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Hello! I’m a current NUS Nursing student. This LONG, INFORMATIVE post is for those thinking about NUS Nursing but have some doubts regarding Nursing in general!
I can understand how daunting it can be - especially since you’re signing up for a specialized course / professional degree where you know exactly what you’ll be at the end - a nurse.
I wrote a post similar to this last year - see ALL ABOUT NUS NURSING 1.0. THIS IS AN UPDATED VERSION of that post from the many more things that I learned the past year, during curriculum time and clinical placements.
*Please note that I have made this post/factsheet as accurate as I possibly could, with hard evidence in some of the qns unlike the first version last year. I will *try* to answer qns here like what I did last year, but it is better to hear from our teachers and fellow students straight during the open house! Links below.
*Edit: My friend has super kindly done a website sobs so helpful!! Here it is! https://allaboutnusnursing2020.weebly.com But continue to share this reddit post cuz discussion can only be here!!
NUS Nursing Student Factsheet ALL ABOUT NUS NURSING 2.0 :) https://www.reddit.com/SGExams/comments/f8pvec/uni_all_about_nus_nursing_20/?utm_source=share&utm_medium=ios_app&utm_name=iossmf
NUS Nursing LIVE Session 1: Common Admission Questions (with current students and lecturer) https://www.facebook.com/nusnursing/videos/813232925812151/?vh=e&d=n
NUS Nursing LIVE Session 2: Student Life Opportunities (with current students) https://www.facebook.com/nusnursing/videos/198903404518260/?vh=e&d=n
NUS Nursing LIVE Session 3: Busting Nursing Myths (career progression discussion with current student, alumni and current lecturer) https://www.facebook.com/nusnursing/videos/191684272178481/?vh=e&d=n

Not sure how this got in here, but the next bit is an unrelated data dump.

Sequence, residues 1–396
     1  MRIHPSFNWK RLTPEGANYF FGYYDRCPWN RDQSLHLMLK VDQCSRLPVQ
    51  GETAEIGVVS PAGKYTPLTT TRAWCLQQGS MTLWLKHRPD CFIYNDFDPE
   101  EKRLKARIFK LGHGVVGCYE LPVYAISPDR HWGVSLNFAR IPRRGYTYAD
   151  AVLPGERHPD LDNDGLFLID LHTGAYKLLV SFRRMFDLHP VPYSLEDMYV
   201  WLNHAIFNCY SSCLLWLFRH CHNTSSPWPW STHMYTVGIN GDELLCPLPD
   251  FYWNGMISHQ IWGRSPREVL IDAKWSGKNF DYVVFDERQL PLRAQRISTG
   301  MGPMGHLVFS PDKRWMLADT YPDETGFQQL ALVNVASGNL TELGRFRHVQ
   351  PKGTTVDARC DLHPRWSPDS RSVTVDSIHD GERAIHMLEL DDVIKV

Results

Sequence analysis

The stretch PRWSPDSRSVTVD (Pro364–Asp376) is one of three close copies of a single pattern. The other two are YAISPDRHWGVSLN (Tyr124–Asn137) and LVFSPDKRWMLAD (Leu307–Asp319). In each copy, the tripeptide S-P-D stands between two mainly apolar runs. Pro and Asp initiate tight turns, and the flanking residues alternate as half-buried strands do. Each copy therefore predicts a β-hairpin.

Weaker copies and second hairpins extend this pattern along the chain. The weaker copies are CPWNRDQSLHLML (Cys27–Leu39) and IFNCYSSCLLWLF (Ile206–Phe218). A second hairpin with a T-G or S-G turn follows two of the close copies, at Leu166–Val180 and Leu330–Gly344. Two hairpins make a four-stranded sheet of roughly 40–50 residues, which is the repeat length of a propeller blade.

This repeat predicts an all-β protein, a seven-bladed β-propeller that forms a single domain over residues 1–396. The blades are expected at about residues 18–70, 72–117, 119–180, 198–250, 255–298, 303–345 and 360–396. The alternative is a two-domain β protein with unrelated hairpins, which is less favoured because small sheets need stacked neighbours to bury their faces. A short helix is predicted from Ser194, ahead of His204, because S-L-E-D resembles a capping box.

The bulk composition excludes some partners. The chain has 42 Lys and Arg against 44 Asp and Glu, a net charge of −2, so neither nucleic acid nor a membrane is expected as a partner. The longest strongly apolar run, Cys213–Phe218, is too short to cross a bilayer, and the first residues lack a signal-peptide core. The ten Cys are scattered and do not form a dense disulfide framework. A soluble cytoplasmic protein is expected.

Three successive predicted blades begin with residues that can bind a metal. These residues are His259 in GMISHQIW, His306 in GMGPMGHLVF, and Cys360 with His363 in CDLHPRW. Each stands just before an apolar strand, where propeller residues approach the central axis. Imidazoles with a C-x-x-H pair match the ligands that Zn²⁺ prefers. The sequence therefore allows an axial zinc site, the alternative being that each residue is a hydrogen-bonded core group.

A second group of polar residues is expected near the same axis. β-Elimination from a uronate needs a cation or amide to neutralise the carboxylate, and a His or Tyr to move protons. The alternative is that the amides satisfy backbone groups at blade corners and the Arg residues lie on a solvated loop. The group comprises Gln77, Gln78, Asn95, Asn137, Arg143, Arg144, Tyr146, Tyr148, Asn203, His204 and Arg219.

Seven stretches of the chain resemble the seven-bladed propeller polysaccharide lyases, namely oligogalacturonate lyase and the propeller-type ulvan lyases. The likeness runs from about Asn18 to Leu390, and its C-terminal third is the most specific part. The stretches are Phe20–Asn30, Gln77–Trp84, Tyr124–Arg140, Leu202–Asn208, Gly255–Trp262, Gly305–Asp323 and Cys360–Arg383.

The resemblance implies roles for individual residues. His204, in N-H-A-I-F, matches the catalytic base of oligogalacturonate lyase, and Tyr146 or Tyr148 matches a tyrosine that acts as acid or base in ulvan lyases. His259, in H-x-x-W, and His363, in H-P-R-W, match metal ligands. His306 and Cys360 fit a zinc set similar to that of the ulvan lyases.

Timestamps for all LIVE Sessions: https://docs.google.com/document/d/1LieZzvDYa4X8uEYXZyksBDzmIBK6KVY10ncOOkzFcSE
If you have anymore qns outside the factsheet and live sessions, feel free to ask me :)
Follow our Instagram too for more updates :) NUS NURSING INSTAGRAM ACCOUNT

1 Curriculum

1.1 NUS Nursing

Curriculum overview

Generally, the first 2 years we focus on learning the different body systems, how they function (Anatomy & Physiology) and dysfunction (Pathophysiology), coupled with each condition’s nursing management and hands-on skills. Interesting modules will also be taught such as communicating effectively and being culturally sensitive in the clinical setting, basic psychology for nurses, mental health nursing, and even ethics and law. The 3rd (and final year for most) will focus more on gearing us for eventual practice in the clinical setting with modules tackling leadership and community health. Finally, we will embark on a 3-month final clinical placement to emulate the real pace and nature of work, ensuring that we are competent to practice as registered nurses upon completion.
For people who can and choose to finish with an Honours degree, they embark on a year-long research project usually in their area of interest. Faculty staff members and hospital staff will act as mentors for these projects. Some examples of research projects can be found here: https://medicine.nus.edu.sg/nursing/wp-content/uploads/sites/2/2019/11/Project-list-AY2018-19.pdf